Tucked into the foothills of the coastal Santa Lucia Range near Carmel, California, the estate was inspired by the 15th-century Tuscan home of Lorenzo de’ Medici. A column-lined loggia, facing the formally landscaped rear garden, encourages year-round indoor-outdoor living. Off the family room, seen through the windows to the left, a firelit open-air sitting area includes curtains that can be drawn shut when the weather gets too cold.

California Coastal Retreat

Though just inland from the 118-year-old arts community of Carmel-by-the-Sea, California, a gently rolling eight-acre property resembled the fairytale settings one would more likely encounter in the foothills of Tuscany. With mighty oak trees rising against a backdrop of verdant slopes, the environment felt blissfully removed from the world and its cares.

Positioned with classically simple symmetry off the kitchen and its adjacent terrace, the rectangular swimming pool sits by a rustic, column-lined pool house, complete with his-and-her changing rooms and bathrooms, an exercise room, and indoor/outdoor seating.

To design a residence that promised Old World serenity, the property owners turned to Erik Evens, principal of Evens Architects, a boutique Los Angeles firm devoted to classic estates. “The architecture of rural Italy,” Evens recalls thinking when he first laid eyes on the site, “would look so right in that kind of landscape.” As inspiration, both he and his clients thought of the Badia a Coltibuono, a famed 11th-century Benedictine monastery that was extensively expanded in the 15th century by statesman and arts patron Lorenzo de’ Medici. “A cloistered destination was definitely part of the imagery for this project,” Evens says. “They wanted a house that felt a little bit like a Renaissance retreat.”

With that goal in mind, Evens and the team he and his clients assembled designed and built a 15,000-square-foot house that, though abounding in modern amenities and tailored to a family that warmly welcomes guests, nonetheless feels as if it has grown and evolved in its location over the ages. The structure itself expresses a sense of rich history, from exterior walls clad in limestone and floors of polished terrazzo or reclaimed antique walnut, to interior walls of deeply lustrous Venetian plaster and lofty beamed or vaulted ceilings.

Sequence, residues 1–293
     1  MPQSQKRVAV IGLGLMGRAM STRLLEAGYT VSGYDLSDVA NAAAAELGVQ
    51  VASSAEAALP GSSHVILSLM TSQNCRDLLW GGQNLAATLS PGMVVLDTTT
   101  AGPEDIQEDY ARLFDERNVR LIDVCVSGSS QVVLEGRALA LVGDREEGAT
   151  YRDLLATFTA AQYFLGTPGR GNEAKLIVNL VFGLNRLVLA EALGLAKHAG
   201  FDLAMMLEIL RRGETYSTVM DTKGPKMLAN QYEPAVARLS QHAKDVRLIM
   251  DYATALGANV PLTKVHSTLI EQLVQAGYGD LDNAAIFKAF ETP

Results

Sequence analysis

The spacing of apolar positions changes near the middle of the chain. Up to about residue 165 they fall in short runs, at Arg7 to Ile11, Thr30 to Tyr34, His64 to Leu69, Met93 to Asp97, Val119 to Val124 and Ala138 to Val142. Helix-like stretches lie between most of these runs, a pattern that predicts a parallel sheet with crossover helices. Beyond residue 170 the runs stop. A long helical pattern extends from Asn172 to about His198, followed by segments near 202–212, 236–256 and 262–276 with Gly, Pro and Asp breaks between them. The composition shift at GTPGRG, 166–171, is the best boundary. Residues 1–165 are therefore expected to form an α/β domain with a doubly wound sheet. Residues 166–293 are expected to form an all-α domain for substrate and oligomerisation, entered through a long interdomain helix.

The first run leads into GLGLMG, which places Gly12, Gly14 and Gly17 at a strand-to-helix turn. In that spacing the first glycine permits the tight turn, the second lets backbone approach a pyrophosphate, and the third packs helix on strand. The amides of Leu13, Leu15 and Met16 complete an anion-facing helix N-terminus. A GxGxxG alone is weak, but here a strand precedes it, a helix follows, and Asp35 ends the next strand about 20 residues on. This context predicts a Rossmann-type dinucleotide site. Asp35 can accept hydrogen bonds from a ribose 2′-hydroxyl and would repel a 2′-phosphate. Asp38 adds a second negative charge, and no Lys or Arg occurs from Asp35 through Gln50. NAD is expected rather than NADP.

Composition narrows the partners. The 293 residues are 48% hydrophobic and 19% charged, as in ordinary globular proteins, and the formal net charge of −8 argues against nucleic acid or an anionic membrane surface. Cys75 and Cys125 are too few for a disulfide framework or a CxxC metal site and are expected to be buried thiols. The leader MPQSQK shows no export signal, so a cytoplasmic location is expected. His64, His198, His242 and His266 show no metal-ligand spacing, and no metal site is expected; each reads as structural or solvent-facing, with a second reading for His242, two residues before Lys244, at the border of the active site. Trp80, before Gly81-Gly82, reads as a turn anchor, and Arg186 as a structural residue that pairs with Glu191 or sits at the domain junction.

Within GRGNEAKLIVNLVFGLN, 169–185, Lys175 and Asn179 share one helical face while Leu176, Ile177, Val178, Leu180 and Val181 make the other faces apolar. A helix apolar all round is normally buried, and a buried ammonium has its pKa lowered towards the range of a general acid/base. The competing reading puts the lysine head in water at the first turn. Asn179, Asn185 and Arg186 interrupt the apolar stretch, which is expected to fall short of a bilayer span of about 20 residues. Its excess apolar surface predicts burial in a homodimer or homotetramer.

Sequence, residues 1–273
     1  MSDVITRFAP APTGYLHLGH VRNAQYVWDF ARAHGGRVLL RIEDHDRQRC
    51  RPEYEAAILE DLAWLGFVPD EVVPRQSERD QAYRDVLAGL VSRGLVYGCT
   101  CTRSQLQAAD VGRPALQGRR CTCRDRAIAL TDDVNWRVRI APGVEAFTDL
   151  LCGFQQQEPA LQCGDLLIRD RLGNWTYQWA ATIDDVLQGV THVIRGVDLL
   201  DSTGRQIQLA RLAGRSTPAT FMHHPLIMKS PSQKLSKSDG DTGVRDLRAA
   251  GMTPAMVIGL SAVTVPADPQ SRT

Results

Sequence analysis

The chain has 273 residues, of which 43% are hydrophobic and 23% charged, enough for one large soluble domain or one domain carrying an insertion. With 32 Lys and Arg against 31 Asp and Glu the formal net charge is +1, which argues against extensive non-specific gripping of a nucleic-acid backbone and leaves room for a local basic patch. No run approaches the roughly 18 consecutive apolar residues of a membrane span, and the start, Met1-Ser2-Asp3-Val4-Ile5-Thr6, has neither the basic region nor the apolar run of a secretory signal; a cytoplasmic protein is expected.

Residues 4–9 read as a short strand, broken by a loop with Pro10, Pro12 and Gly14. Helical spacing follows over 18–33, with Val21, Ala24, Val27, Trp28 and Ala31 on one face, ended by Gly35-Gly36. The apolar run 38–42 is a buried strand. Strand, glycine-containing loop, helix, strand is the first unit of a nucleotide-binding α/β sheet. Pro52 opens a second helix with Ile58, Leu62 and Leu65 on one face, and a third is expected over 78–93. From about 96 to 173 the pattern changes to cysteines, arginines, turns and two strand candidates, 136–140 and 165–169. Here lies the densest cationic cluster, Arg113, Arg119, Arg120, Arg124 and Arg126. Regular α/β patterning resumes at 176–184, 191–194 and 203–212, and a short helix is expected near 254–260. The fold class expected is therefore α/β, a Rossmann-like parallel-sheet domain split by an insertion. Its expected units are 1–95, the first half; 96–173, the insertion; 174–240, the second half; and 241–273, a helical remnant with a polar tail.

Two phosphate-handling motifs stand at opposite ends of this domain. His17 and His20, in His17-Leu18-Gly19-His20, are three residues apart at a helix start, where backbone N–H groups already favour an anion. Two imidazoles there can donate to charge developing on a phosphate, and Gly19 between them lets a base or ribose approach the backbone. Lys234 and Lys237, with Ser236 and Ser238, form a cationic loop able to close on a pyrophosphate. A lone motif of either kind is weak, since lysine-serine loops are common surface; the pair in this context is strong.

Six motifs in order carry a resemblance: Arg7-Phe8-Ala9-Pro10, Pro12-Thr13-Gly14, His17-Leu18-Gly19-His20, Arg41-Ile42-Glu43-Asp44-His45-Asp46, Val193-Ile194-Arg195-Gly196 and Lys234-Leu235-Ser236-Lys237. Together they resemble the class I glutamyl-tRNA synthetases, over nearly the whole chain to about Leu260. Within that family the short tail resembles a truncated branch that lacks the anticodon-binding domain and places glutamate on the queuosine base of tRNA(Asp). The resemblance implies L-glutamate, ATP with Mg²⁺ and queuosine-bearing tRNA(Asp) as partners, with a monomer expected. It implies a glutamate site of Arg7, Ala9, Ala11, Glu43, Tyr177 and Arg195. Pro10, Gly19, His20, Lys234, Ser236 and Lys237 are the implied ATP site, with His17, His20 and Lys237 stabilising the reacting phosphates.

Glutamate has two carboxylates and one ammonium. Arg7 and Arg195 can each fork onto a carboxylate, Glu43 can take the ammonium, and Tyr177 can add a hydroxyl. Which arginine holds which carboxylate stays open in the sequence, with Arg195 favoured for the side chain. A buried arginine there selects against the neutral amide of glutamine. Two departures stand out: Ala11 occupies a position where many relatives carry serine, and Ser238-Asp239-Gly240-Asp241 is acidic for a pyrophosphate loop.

Every aspect of the site underscores that timeless quality, including a walled motor court that greets guests with stately ceremony; a beautiful loggia across the back of the house; a “very clean and elemental” rectangular swimming pool with a pool house that Evens describes as “a little rustic Parthenon;” and terraced natural landscaping that features lavender plants that scent the air. “We felt it was important,” says Evens, “to say something thoughtful about the relationship between the house and the land.”

A back stairway near the kitchen rises to a landing that leads to the children’s suite, then continues another three steps up to the guest bedrooms.

Such a massive, meticulously planned undertaking took some 30 months from groundbreaking to completion, says Peter McCoy, owner of McCoy Construction in Los Angeles. He adds that the project drew on vendors “from all over the state and sometimes all over the country, and there were days when we had 80 or 90 people working on the site.”